Please contact governor Perry ASAP and ask him to accept Board of Pardons and Paroles decision.
* Office of the Governor Main Switchboard: (512) 463-2000
* Office of the Governor Fax: (512) 463-1849
By MICHAEL GRACZYK
HUNTSVILLE — The Texas Board of Pardons and Paroles recommended today that Gov. Rick Perry spare condemned prisoner Kenneth Foster from execution and commute his sentence to life.
The vote from the seven-member board was 6-1. The announcement came less than seven hours before Foster was scheduled to be taken to the death chamber for lethal injection.
Perry does not have to accept the highly unusual recommendation from the board whose members he appoints.
There was no immediate response from the governor’s office.
Foster was the getaway driver and not the actual shooter in the slaying of a 25-year-old man in San Antonio 11 years ago.
Foster acknowledged he and his friends were up to no good as he drove them around San Antonio in a rental car and robbed at least four people 11 years ago before the slaying of Michael LaHood Jr.
“It was wrong,” Foster, 30, said recently from death row. “I don’t want to downplay that. I was wrong for that. I was too much of a follower. I’m straight up about that.”
Their robbery spree, while they were all high on alcohol and marijuana, turned deadly when Foster followed LaHood and his girlfriend to LaHood’s home about 2 a.m. Aug. 15, 1996. One of Foster’s passengers, Mauriceo Brown, jumped out, walked up to LaHood, demanded his wallet and car keys, then opened fire when LaHood, 25, couldn’t produce them. LaHood, shot through the eye, died instantly.
Brown ran back to Foster’s car and they sped away. Less than an hour later, Foster was pulled over for speeding and driving erratically. Foster, Brown, Dwayne Dillard and Julius Steen — all on probation and members of a street gang they called the Hoover 94 Crips — were arrested for LaHood’s slaying.
Brown and Foster, tried together, were convicted of capital murder and sentenced to death. Foster was set to die 13 months after Brown, 31, was strapped to the same death chamber gurney in Huntsville for lethal injection.
Foster’s execution would make him the third Texas prisoner executed in as many days and the 24th this year in the nation’s most active capital punishment state. On Wednesday evening, John Joe Amador, 32, was put to death for the slaying of a San Antonio taxi driver 13 1/2 years ago.
Foster’s scheduled execution piqued death penalty opponents who criticized his conviction and sentence under Texas’ law of parties, which makes non-triggermen equally accountable for the crime. Foster would join a number of other condemned prisoners executed under the statute, including one put to death earlier this year.
“This is a new low for Texas,” said Larry Cox, executive director of Amnesty International USA, a human rights organization that opposes the death penalty in all cases. “Allowing his life to be taken is a shocking perversion of the law.”
Foster’s lawyers were arguing in the courts that statements from Dillard and Steen, who were in Foster’s car that night, clarify and provide new evidence that support Foster when he says he didn’t know Brown was going to try to rob and shoot LaHood.
“I didn’t kill anybody,” Foster insisted from death row. “I screwed up. I went down the wrong path. I fault myself for being in this messed-up system.”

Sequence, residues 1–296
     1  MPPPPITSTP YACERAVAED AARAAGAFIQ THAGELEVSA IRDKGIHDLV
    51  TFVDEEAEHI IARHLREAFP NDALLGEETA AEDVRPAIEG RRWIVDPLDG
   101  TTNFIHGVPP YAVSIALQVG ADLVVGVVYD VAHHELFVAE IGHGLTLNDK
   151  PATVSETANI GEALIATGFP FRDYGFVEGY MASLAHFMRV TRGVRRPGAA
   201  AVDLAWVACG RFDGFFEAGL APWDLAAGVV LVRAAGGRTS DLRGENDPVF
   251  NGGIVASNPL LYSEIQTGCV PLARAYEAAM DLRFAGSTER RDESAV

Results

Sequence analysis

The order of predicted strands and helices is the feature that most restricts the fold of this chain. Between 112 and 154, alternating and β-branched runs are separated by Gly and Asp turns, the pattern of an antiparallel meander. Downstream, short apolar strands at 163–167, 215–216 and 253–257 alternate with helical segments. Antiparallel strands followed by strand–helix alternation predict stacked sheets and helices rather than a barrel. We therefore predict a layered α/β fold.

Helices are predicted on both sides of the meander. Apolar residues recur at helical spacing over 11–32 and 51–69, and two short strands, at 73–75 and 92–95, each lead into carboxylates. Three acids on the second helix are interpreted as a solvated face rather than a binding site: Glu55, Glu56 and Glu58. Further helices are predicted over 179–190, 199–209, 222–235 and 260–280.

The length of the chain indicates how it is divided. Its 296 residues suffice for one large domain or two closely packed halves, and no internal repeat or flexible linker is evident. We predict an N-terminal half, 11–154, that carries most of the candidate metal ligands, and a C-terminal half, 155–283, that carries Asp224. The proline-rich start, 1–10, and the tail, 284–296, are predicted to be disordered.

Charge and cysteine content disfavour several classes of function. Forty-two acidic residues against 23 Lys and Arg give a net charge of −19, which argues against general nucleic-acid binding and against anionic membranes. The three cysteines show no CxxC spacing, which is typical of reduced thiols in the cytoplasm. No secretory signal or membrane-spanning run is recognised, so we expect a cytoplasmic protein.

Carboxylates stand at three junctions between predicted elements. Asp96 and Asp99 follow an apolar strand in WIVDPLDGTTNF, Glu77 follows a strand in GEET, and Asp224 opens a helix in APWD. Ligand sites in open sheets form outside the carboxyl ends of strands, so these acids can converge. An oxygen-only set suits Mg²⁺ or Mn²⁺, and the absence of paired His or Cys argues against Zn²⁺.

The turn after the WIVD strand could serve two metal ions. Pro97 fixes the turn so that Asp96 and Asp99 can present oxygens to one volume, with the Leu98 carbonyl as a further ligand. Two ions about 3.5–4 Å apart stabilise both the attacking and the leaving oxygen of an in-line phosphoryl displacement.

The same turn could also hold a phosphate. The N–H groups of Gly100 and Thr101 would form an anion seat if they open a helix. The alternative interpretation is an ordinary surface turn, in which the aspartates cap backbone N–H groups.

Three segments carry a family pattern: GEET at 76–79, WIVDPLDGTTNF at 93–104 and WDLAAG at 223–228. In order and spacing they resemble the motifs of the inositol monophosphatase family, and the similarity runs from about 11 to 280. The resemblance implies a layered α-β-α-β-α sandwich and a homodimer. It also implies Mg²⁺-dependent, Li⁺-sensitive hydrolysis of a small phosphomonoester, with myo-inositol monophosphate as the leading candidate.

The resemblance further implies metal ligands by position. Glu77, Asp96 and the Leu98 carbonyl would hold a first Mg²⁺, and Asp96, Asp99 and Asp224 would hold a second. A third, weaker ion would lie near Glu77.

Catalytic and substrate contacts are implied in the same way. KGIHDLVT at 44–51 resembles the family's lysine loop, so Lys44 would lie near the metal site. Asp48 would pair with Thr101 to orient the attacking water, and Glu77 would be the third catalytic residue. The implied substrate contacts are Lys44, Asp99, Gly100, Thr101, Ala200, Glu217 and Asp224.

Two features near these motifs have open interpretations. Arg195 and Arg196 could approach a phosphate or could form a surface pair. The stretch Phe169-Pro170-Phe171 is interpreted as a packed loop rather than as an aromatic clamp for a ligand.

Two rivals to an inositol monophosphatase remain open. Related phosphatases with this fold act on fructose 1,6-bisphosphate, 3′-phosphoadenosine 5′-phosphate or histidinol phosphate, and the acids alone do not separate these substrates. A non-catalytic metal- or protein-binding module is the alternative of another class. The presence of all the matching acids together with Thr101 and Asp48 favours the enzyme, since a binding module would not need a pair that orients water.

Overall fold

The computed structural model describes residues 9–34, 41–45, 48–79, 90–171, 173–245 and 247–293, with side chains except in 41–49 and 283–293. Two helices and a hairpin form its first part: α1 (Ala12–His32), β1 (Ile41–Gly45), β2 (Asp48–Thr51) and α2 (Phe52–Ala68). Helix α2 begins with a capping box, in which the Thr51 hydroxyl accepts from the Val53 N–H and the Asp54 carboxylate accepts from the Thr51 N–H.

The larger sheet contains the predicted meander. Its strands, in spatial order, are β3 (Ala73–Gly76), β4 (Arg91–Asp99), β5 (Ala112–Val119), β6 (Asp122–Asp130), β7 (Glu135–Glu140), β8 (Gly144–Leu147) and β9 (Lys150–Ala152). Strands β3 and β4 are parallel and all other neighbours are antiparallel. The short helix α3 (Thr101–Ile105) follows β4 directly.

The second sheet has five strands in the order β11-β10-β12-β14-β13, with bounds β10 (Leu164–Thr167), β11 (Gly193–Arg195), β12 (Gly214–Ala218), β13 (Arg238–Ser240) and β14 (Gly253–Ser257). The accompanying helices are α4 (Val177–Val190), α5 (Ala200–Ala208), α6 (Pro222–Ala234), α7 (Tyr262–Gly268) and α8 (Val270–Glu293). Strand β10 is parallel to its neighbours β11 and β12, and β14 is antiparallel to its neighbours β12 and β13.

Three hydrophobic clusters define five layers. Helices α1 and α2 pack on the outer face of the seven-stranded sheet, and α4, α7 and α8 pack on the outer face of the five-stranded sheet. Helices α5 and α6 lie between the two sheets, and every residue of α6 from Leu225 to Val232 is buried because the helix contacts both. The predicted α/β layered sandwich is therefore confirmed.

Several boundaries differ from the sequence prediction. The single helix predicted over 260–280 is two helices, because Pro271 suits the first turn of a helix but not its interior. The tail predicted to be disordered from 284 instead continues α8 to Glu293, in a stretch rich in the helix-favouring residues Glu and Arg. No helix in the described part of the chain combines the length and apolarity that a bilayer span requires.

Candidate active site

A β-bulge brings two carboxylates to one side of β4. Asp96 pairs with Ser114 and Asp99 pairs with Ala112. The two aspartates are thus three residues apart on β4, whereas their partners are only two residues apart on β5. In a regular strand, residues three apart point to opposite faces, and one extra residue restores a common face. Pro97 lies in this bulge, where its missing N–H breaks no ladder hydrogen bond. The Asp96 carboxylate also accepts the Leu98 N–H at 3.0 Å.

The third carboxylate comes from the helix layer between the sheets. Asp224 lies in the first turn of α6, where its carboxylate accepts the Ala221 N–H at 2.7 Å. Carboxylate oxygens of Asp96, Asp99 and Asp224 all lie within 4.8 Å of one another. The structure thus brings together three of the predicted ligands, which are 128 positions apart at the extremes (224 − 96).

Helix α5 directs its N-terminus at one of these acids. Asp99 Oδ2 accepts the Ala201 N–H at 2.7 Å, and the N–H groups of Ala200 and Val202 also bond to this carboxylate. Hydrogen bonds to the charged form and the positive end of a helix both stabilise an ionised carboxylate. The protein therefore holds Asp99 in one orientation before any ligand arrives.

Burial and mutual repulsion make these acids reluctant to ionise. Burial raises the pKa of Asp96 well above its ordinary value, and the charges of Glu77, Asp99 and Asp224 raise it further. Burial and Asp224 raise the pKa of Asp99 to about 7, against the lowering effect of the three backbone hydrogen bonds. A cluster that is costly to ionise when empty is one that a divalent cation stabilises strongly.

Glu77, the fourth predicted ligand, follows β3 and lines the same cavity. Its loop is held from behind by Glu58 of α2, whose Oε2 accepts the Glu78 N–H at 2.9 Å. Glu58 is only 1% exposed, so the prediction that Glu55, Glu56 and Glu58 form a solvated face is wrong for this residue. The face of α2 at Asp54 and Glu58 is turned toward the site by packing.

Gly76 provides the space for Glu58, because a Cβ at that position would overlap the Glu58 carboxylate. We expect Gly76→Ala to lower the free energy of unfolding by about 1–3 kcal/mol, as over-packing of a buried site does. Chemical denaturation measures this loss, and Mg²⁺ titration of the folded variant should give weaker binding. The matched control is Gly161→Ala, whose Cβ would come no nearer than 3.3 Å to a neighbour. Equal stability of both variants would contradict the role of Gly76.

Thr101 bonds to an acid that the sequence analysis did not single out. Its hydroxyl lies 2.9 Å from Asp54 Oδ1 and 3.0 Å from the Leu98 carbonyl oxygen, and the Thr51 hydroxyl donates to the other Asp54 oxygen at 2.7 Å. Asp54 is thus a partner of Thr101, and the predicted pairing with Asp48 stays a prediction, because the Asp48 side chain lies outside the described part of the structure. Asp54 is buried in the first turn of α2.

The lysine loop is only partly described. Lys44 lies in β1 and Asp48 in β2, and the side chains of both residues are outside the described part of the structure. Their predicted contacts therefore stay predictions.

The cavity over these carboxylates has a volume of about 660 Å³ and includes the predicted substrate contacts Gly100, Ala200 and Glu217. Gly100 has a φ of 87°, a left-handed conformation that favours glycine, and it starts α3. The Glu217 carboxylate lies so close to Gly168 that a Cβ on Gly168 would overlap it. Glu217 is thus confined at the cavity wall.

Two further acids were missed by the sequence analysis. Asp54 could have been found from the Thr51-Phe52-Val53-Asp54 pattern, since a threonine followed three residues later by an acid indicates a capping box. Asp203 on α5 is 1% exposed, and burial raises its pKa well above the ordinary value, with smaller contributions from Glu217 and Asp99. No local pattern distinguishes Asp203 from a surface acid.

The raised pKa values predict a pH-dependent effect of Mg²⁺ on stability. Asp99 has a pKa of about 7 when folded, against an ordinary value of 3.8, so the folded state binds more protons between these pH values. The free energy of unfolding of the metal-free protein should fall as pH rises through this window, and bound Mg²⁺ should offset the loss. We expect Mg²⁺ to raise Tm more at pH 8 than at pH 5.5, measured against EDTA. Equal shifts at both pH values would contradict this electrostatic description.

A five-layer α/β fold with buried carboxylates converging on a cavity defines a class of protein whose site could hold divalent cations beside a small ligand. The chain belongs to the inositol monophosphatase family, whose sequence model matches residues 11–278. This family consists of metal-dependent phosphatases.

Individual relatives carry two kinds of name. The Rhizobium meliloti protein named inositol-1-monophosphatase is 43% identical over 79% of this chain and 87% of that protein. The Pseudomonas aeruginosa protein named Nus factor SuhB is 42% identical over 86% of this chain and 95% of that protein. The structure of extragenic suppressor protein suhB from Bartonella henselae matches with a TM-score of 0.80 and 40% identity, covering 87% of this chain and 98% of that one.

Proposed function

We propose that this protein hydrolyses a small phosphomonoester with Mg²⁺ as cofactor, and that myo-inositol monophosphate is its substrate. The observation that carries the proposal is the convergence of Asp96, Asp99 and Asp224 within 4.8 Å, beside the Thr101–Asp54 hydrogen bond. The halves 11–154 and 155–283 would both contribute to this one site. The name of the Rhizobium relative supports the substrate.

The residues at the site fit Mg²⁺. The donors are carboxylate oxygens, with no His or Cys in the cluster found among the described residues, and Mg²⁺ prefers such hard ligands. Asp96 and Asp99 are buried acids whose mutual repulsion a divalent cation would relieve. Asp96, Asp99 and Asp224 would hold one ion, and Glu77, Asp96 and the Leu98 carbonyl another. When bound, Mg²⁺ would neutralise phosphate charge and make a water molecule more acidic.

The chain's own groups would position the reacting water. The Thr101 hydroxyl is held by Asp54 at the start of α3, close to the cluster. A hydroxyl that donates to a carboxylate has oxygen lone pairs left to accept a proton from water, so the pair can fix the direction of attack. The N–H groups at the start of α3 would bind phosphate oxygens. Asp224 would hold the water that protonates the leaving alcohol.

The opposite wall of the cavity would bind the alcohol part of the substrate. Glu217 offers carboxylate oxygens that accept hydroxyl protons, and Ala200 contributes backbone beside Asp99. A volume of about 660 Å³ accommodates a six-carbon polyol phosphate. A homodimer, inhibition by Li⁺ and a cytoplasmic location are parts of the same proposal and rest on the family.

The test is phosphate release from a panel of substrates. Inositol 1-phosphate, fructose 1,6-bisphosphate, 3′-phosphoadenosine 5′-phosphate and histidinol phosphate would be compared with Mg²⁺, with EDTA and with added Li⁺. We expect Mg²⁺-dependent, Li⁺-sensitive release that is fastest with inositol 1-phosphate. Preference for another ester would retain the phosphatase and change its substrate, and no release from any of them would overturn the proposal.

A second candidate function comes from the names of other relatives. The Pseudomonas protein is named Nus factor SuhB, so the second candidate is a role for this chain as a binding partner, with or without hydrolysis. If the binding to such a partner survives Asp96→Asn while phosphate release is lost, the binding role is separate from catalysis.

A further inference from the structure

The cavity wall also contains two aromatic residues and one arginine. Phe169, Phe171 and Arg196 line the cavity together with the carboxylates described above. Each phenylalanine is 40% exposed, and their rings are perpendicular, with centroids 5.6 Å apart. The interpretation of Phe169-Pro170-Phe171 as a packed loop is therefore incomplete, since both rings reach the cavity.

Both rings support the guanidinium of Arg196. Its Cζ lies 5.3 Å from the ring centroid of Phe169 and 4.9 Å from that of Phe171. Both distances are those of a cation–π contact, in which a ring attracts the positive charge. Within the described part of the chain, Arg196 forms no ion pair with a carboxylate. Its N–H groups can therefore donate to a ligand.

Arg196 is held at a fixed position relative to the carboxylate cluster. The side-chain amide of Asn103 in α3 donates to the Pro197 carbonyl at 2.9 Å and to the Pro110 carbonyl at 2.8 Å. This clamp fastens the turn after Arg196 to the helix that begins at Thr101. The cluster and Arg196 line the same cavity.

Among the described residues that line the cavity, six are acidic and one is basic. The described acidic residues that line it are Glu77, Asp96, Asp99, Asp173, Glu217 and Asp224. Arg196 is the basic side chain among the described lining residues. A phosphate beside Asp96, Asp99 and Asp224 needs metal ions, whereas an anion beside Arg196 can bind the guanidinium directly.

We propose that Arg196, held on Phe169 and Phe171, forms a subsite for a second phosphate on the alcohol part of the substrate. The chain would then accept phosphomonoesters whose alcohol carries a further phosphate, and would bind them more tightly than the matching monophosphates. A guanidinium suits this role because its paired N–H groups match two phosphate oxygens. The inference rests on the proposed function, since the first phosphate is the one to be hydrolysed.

Foster said he was some 80 feet away from the shooting.
“It’s hard for you to anticipate how Brown is going to react,” Foster said. “Texas is saying flat out: You should have known better.
“In life, we have hindsight. Texas is saying you better have foresight. They’re saying you better be psychic.”
Dillard now is serving life for killing a taxi driver across the street from the Alamo two weeks before LaHood’s slaying. Steen testified at Brown’s trial and received a life sentence in a plea bargain.
Brown testified at his trial the shooting was in self-defense, that he believed LaHood had a gun. Authorities, however, never found another weapon near LaHood’s body. Foster did not testify.
“I thought what (Brown) said was good enough,” he said from death row.
Mike Ramos, among the Bexar County prosecutors handling the case when it went to trial, said he found Foster’s claims unbelievable and was irritated by a publicity effort to spare Foster.
“When you let somebody out of your car with a loaded handgun, what do you expect?” Ramos said. “If he didn’t realize it could happen, I think he’s a liar.”
Last weekend a group of Foster supporters picketed outside an Austin church Gov. Rick Perry attends.
“These guys are rewriting history,” Ramos said. “He was far from any kind of angel they’re trying to portray.”
Ramos said it was clear to him that Foster was “the puppet master pulling all the strings” during the robbery spree.
Nico LaHood, whose brother was killed, said Wednesday he was frustrated that people were willing to believe only Foster’s story, which he called “ridiculous and not true.”
“I don’t know what dynamics are going on that allow us to make the person who is the wrongdoer to become the victim in this case,” LaHood said. His brother, he said, was being “lost in the whole thing.”
On Wednesday, Amador asked for forgiveness for himself and peace “for people seeking revenge toward me,” then was put to death for the fatal shooting of San Antonio taxi driver Mohammad Reza Ayari.
Another execution, the first of five scheduled for September in Texas, is set for next week when South Carolina native Tony Roach faces injection Wednesday for the strangling of an Amarillo woman, Ronnie Dawn Hewitt, 37, during a burglary of her apartment nine years ago.